The time for capturing nature in bloom begins each spring. First, the small flowers, which are not only for feasting your eyes on, but also provide a great opportunity to test out your photography skills. Let’s review some basic guidelines and ideas for photographing a mere ten centimeters from the ground.
Do you often return from a full-day trip with only a few pictures? Or maybe you even head out to the forest specifically to take pictures and then lose your muse? Then either you’ve already got tens of thousands of nature photos behind you and are just seeking icing on the cake... or you may be missing opportunities that quietly appear along the way. Join us for a look at some typical cases.
Now that the summer storms are here, many of you might be thinking: “How do I photograph lightning, anyway?” Well we’ve got good news: a beautiful picture of a stroke of lightning against a darkened sky is easy to take. You just need a tripod and the right settings.
In winter, and sometimes at the end of fall as well, weather conditions appear that can really spice up nature. While bare tree branches are boring, when the glaze arrives the scene suddenly changes, and a photographer can head out for a rich frosty safari.
There are different ways to look at water. As a fascinating backdrop from Hollywood movies, a dreamy forest brook... or maybe as an element full of motion. Discover the ways to photograph water and how to work with them. Let our six tips for photographing water help you on your way.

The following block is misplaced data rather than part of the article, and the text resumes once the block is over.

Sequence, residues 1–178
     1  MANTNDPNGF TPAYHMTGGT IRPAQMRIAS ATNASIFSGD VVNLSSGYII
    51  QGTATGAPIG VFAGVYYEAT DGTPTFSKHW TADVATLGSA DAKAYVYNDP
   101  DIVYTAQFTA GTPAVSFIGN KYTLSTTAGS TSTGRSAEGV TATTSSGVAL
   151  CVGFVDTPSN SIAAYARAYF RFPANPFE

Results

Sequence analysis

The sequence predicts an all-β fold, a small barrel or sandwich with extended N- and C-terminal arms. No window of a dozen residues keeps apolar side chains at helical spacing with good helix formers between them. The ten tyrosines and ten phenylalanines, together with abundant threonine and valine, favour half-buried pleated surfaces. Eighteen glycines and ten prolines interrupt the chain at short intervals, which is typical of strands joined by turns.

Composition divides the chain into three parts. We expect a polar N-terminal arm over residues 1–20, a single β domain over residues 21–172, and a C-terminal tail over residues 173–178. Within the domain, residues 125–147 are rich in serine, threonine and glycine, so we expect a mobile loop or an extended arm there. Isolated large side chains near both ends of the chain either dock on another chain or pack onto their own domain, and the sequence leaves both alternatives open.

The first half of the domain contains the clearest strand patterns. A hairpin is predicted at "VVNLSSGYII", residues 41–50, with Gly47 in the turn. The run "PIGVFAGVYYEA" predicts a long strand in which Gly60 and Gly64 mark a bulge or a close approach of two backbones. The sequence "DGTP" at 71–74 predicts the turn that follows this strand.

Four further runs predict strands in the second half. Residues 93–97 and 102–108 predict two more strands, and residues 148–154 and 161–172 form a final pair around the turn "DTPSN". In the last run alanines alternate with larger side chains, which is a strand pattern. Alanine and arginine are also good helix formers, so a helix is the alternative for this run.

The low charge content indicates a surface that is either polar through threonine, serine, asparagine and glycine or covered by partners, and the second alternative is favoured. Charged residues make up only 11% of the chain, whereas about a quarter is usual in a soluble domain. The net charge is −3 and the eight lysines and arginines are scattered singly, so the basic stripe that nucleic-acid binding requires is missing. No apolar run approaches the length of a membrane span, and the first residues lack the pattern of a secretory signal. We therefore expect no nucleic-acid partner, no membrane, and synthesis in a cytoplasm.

Capturing a drop of water on camera before it falls to the surface, or just when it touches the surface, can seem very difficult. But with a little practice you can capture even these moments easily. Take some inspiration from this photographic experiment!
In the summer it’s time to head out to the water, no matter whether that means the sea, a pond, or a wading pool. But water’s also good for something else—playing with composition. So let’s go over some tips for taking advantage of reflections on water surfaces.
Even though panning is a technique that’s mainly used in sports photography, you can experiment with it elsewhere too. For example you can get interesting abstract pictures by using panning on autumn leaves—that is, on something static.
Spiderwebs are often associated with horror, dirt, and age. But there are moments when they can be beautiful. When dewdrops appear on the delicate strands of a spiderweb, its structure is made beautifully visible, and the right moment for a picture has come.
Spring is here—and it’s waking up nature. But every other season is fantastic too. Especially for photographers. So keep returning to the same photogenic places year-round. That will give you a unique collection of photos that, even though they all show the same subject, never quite show the same picture.